This incongruity may be responsible for Bowie’s appeal and for what (if anything) is sinister about it. Among certain more affluent hippies Bowie is apparently the symbol of a kind of thrilling extremism, a life-style (the word is for once permissible) characterised by sexual omnivorousness, lavish use of stimulants – particularly cocaine, very much an élitist drug, being both expensive and galvanising – self-parodied narcissism, and a glamorously early death. To dignify this unhappy outlook with such a term as “nihilist” would, of course, be absurd; but Bowie does appear to be a new focus for the vague, predatory, escapist reveries of the alienated young. Although Bowie himself is unlikely to last long as a cult, it is hard to believe that the feelings he has aroused or aggravated will vanish along with the fashion built round him. 

This article first appeared in the 09 April 2015 issue of the New Statesman, The Anniversary Issue 2015

Netflix
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SRSLY #99: GLOW / FANtasies / Search Party

On the pop culture podcast this week: the Netflix wrestling comedy GLOW, a new fanfiction-based web series called FANtasies and the millennial crime drama Search Party.

This is SRSLY, the pop culture podcast from the New Statesman. Here, you can find links to all the things we talk about in the show as well as a bit more detail about who we are and where else you can find us online.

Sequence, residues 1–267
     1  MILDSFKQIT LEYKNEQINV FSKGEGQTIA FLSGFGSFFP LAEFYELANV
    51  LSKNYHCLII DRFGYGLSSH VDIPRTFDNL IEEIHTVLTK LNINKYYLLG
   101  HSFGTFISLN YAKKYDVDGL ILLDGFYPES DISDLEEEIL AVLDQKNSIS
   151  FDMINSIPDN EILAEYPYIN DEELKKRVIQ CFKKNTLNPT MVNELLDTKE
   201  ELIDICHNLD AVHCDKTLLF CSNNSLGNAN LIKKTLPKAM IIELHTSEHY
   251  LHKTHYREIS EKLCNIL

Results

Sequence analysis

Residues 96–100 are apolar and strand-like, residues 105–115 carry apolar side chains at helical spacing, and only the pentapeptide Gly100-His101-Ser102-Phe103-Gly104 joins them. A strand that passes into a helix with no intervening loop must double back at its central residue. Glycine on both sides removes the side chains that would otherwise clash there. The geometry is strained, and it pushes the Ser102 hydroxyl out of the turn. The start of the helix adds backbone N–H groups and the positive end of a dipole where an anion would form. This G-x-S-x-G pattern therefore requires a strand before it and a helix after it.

Listen using the player below. . .

. . .or subscribe in iTunes. We’re also on StitcherRSS and SoundCloud – but if you use a podcast app that we’re not appearing in, let us know.

SRSLY is hosted by Caroline Crampton and Anna Leszkiewicz, the NS’s assistant editor and editorial assistant. We’re on Twitter as @c_crampton and @annaleszkie, where between us we post a heady mixture of Serious Journalism, excellent gifs and regularly ask questions J K Rowling needs to answer.

The Links

GLOW

The show on Netflix.

Two interesting reviews: New York Times and Little White Lies.

Screen Rant on the real life wrestling connections.

FANtasies

The show on Fullscreen.

Amanda Hess’s NYT column about it.

Search Party

The show on All4.

For next time:

We are watching Happy Valley.

If you’d like to talk to us about the podcast or make a suggestion for something we should read or cover, you can email srslypod[at]gmail.com.

You can also find us on Twitter @srslypod, or send us your thoughts on tumblr here. If you like the podcast, we’d love you to leave a review on iTunes - this helps other people come across it.

We love reading out your emails. If you have thoughts you want to share on anything we’ve discussed, or questions you want to ask us, please email us on srslypod[at]gmail.com, or @ us on Twitter @srslypod, or get in touch via tumblr here. We also have Facebook now.

Our theme music is “Guatemala - Panama March” (by Heftone Banjo Orchestra), licensed under Creative Commons. 

See you next week!

PS If you missed #98, check it out here.